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Low coffee consumption in Africa affects coffee sector

Stakeholders in the coffee sector have raised concerns over low consumption of coffee in Africa despite being the second populous continent.

The stakeholders attending the first G25 African Coffee summit that ended on Friday in Nairobi noted that despite producing 12 per cent of the global coffee, only 30 per cent of the population consumes the product.

They said that it is time for Africa to step up, unite regionally and create a vibrant environment for promoting consumption of coffee.

Benson Apuoyo, deputy director at the Agriculture and Food Authority (AFA) in Kenya noted that the global coffee consumption continues to rise due to demand but unfortunately there is no growth in Africa.

“It is crucial to accelerate domestic consumption of coffee in the untapped markets in Africa for the general socio-economic development,” Apuoyo said during summit.

He said that it is time to start consuming coffee adding that over 95 per cent of Kenyan coffee is exported to the international market.

The AFA official revealed that Kenya has started promoting consumption by opening up coffee houses at two universities.

Apuoyo said that so far, AFA is also negotiating with five more universities as champions so that other institutions can also join.

He revealed that to date there are 506 coffee shops operating throughout the country and that there are plans to open more.

According to Adugna Debele, Director-General of Ethiopia Coffee and Tea Authority (ECTA), Africa consumes 9,800 metric tons while Europe consumes 55,625 metric tons annually.

Debele said that coffee consumption in Ethiopia has been stuck at 50 per cent for the past two decades, meaning the younger generation are not consuming it.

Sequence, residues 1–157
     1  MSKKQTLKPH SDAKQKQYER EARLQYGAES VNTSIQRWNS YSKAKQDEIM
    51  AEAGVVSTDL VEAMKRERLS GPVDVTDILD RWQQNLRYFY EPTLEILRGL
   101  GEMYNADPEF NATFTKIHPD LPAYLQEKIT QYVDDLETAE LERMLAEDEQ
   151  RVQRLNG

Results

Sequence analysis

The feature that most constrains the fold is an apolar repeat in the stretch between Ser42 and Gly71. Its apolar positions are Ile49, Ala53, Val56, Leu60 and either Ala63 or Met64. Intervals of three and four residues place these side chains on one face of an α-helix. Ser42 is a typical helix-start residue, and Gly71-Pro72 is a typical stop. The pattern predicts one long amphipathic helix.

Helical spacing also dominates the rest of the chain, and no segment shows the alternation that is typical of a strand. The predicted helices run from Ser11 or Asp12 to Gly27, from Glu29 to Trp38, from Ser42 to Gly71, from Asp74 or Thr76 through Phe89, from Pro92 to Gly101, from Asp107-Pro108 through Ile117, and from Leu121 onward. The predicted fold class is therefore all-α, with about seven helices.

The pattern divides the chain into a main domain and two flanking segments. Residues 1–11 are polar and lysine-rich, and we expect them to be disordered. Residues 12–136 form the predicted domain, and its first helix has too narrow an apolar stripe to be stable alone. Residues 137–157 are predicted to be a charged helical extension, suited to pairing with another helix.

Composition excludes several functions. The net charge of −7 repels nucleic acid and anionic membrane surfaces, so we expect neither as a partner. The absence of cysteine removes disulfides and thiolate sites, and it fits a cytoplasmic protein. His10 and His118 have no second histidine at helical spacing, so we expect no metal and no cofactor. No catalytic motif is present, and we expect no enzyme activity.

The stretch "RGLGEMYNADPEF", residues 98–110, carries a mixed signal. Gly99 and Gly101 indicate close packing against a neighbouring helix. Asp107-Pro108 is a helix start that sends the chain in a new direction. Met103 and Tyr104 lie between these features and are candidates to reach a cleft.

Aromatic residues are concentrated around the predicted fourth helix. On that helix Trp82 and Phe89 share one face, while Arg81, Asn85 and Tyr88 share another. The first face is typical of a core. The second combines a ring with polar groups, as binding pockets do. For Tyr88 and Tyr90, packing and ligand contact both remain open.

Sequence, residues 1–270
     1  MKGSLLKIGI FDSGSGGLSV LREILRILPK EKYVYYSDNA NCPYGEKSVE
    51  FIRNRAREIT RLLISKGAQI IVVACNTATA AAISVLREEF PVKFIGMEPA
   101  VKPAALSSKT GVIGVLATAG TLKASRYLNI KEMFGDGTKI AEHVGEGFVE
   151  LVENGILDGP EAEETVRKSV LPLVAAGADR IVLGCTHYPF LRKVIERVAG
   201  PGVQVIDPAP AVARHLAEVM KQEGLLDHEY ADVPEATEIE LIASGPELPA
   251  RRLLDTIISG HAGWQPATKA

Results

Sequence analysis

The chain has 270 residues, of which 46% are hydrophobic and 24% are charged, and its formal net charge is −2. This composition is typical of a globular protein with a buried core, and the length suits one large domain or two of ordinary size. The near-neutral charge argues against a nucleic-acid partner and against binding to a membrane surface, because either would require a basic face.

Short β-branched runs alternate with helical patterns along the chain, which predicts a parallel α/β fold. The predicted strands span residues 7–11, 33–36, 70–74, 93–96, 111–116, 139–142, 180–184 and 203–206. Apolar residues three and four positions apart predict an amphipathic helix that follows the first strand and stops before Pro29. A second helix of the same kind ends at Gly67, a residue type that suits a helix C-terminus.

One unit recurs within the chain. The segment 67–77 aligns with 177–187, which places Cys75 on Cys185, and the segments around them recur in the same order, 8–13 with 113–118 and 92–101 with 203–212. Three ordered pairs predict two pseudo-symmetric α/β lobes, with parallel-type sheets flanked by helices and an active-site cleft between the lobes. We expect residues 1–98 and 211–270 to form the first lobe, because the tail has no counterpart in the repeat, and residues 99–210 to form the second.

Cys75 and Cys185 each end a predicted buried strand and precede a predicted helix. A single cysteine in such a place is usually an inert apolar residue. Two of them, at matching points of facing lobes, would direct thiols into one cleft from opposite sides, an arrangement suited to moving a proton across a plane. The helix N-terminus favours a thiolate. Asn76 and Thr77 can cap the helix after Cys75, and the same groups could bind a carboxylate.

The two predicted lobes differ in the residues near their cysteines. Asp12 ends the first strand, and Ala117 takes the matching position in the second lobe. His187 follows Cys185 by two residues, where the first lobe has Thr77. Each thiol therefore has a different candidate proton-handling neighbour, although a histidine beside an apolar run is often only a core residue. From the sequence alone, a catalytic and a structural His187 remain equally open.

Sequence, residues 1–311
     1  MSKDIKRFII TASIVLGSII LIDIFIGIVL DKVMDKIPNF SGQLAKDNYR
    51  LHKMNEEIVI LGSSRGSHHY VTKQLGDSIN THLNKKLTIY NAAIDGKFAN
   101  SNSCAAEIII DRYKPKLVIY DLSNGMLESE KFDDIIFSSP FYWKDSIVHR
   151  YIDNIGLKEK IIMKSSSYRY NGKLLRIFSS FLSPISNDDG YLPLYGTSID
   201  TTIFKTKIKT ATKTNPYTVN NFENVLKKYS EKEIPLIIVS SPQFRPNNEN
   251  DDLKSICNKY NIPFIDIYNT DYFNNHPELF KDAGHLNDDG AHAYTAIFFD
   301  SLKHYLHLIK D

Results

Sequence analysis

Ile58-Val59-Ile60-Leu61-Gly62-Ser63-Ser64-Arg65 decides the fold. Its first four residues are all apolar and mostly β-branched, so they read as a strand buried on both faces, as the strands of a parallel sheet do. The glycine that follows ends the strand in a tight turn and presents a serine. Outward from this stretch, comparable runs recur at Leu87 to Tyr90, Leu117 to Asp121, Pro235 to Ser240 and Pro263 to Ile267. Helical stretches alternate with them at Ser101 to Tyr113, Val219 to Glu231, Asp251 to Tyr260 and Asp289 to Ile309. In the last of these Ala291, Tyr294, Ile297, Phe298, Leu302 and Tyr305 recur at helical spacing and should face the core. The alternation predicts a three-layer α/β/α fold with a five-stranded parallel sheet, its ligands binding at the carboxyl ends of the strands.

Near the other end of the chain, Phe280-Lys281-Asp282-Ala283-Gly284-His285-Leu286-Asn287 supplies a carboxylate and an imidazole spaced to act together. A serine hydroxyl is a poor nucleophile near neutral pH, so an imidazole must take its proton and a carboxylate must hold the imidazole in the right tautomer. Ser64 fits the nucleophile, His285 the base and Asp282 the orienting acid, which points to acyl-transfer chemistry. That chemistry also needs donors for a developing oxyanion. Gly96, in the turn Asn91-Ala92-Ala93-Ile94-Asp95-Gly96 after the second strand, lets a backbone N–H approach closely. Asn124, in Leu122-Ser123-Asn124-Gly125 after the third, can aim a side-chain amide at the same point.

The director-general urged governments to initiate innovative ways to make coffee appeal to populations to boost income for the countries and better livelihoods for farmers.

Debele observed that there is a need to increase domestic coffee consumption by inducting the younger generation.

He said that Ethiopia has established a college where students are taught how to roast, grind and pack coffee.

Solomon Rutega, Secretary-General of the Inter African Coffee Organization (IACO) revealed that the organization is concerned about the low rate of consumption and has launched inter Africa training on roasters.

Rutega added that IACO is bringing women and youths in coffee industry to help popularize consumption in the continent.

Delegates at the summit called for the introduction of mobile coffee clinics in the countryside to promote consumption amongst populations.

Over 500 delegates from 25 African coffee growing countries are currently meeting in Nairobi at the first African coffee summit to re-evaluate the overall performance of the coffee sector in the continent, with coffee experts urging African nations to improve infrastructure for easier sale of coffee.

By Catherine Muindi

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